One possibility that occurs to my admittedly cynical mind is that this could be a misguided attempt to intentionally undermine credibility of the legitimate market in antiquities. Would this do grievous harm to museums, private collectors and legitimate trade? In truth, probably not, because most serious collectors, dealers and curators are knowledgeable enough to make their own intelligent and informed decisions. So is my cynical possibility just a straw man? Your readers can decide, but I would remind them of a statement attributed to controversial archaeologist Joe E. Zias and published on the Unidroit-L Discussion List. He is quoted there as saying: "I would encourage the art of forging antiquities to the point that it would be impossible for dealers, collectors and scientists to distinguish between the real and the forged. In the US, archaeologists concerned with looting of American Indian sites for pottery and lithics, taught students in the 70s the art of flint knapping to the point that many became quite adept. Not only did they teach the flint knapping skills required but encouraged the students to pawn the high end artifacts off to collectors and dealers in hopes of relieving a few of their money which in turn would teach them a lesson about trading in unprovenanced and at times looted items." (Joe E. Zias, Science and Archaeology Group - Hebrew University -- As quoted on Dr. Zias is now retired, but the view he espoused is certainly not unique. BBC reported some years ago that Israeli Archaeologists "have now concluded that everything that came to market in the last 20 years without clear provenance should be considered a fake."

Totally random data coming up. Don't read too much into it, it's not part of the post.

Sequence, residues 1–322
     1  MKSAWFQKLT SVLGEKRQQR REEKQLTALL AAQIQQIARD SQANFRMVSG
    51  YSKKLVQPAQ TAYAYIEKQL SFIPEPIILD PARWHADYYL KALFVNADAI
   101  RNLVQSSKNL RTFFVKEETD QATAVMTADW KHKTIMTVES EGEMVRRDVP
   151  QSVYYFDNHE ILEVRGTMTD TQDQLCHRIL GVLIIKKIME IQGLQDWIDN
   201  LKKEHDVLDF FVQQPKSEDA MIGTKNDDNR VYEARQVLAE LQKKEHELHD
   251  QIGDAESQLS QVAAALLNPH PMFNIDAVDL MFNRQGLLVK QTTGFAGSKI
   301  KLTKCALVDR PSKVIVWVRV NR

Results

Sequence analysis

In Archaeology magazine, an article "Forging Ahead" by Charles Stanish appeared in the May/June 2009 issue. The author talks at length, and clearly without remorse, about the negative affect that offerings of artifact forgeries on eBay has had on the antiquities market. Like the Israeli archaeologists mentioned above, he sees virtually everything on the market as fake.

    An article in the Art Newspaper (February, 2012) titled "Police raid criminal gang suspected of faking antiquities." The report by Tina Lepri and Ermanno Rivetti revealed that "The gang was allegedly led by Edoardo David, a renowned archaeologist who often worked as a consultant for the archaeological division of the Soprintendenza for the Lazio region (the local arm of Italy's ministry of culture)." That revelation gave me pause to reflect once more on the Zias statement.

    Is it possible that this latest "news release" was at least in part an orchestrated attempt by archaeologists to undermine the antiquities collecting hobby and trade?

    1. Hi Wayne,

      I think there is a combination: the press seems to get so much wrong these days, even false statements that would not benefit anyone. They also try to serve popular opinion (which can also be false), and I would bet that they are also fed wrong information deliberately. It is quite a mess.